Leicester's fruit flies offer new hope for Huntington's disease

Posted by mjs76 at Jun 02, 2011 04:55 PM |
Groundbreaking research in our Department of Genetics has identified a crucial pathway – and a way to block it.
Leicester's fruit flies offer new hope for Huntington's disease

image: Wikipedia

Huntington’s disease (HD) is an incurable, inherited, neurodegenerative condition. Usually only becoming evident in later life, the condition is characterised by involuntary movements and memory loss as neurons in parts of the brain break down.

If we knew what caused this neurodegeneration, we could then set about finding a way to prevent or ameliorate it. New research from our Department of Genetics, published this month in Current Biology, heralds a major breakthrough. Dr Flaviano Giorgini and colleagues conducted experiments with fruit flies, Drosophila melanogaster, and demonstrated how an important element in HD neurodegeneration can be successfully inhibited.

In praise of fruit flies

Tryptophan is one of the ‘essential amino acids’ which cannot be produced by mammals and must be part of our diet. The metabolic pathway which breaks down tryptophan – known as the kynurenine pathway - contains three substances which can affect nerve cells, called KYNA (kynurenic acid), QUIN (quinolinic acid) and 3-HK (3-hydroxykynurenine).

Step forward our six-legged friend the fruit fly. This is a popular model for genetic studies: it has an extremely short life cycle; every bit of its genome is documented; and it shares a surprising amount of genetic information with Homo sapiens, including the kynurenine pathway. But Drosophila does not have quinolinic acid, meaning that we only have two antagonistic factors – 3-HK and KYNA - to consider when studying this pathway in flies, which makes things a lot simpler.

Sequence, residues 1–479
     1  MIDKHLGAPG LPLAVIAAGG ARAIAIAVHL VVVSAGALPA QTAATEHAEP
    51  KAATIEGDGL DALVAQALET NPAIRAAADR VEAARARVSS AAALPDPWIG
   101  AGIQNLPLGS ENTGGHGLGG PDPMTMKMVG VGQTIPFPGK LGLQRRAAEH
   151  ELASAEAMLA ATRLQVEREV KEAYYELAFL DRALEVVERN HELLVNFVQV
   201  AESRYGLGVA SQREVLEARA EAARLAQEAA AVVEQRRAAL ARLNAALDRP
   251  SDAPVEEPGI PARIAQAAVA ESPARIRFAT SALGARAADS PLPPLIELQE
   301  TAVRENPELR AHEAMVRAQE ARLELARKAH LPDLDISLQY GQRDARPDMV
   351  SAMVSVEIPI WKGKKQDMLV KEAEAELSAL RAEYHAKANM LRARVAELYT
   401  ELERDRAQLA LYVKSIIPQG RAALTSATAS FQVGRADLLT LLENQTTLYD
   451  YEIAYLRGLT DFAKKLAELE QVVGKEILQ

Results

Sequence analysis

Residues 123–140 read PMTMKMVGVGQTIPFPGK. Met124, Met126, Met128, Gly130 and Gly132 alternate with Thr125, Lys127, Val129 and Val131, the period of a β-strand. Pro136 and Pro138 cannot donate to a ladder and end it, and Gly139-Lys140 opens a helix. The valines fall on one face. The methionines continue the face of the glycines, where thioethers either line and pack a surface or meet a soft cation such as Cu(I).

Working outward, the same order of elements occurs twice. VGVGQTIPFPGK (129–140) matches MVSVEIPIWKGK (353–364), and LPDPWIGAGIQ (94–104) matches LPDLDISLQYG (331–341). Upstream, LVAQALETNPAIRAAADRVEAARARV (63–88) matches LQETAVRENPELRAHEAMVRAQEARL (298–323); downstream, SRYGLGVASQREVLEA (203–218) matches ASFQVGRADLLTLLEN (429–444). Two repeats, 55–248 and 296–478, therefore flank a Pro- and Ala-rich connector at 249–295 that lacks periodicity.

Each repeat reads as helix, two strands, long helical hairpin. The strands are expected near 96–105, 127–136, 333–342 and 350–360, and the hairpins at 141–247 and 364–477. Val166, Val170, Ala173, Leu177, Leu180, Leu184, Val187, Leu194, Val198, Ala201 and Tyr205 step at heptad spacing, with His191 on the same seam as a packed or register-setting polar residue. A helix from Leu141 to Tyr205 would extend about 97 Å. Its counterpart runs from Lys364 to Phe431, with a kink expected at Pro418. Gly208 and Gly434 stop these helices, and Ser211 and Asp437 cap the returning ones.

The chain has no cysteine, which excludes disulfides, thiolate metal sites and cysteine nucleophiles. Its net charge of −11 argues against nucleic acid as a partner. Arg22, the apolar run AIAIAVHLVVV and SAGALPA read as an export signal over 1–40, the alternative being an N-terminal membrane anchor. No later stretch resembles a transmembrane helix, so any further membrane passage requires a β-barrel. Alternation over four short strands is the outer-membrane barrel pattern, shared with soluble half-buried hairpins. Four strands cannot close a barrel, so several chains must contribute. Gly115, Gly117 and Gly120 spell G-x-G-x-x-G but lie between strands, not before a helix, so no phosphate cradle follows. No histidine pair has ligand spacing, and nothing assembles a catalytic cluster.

3-HK harms neurons by generating free radicals and KYNA protects neurons by scavenging free radicals. KYNA also counteracts excitotoxicity; that is, cell death in neurons caused by over-stimulation by neurotransmitters.

kynurenine pathway
The kynurenine pathway metabolises the essential amino acid tryptophan. Quinolinic acid is produced in simple organisms (eg. yeast) and higher organisms (eg. mammals) but not in Drosophila.

Fruit flies and their eyes

We can regulate this pathway using either of two proteins which catalyse different stages in kynurenine pathway metabolism: TDO (tryptophan-2,3-dioxygenase) or KMO (kynurenine 3-monooxygenase). And we can tell when one of these genes is mutated in a fly because the genes which encode them, called ‘vermillion’ and ‘cinnabar’, also control eye colour.

So although Drosophila are tiny, fiddly things, we can know their genotype by studying their phenotype: we simply knock them out with carbon dioxide, pop them under a microscope and check what colour eyes they have. (The kynurenine pathway also has an important role in mammalian eyes, helping to form ultraviolet filters in our lenses.)

How does this help us to study Huntington’s Disease?

HD and the fruit fly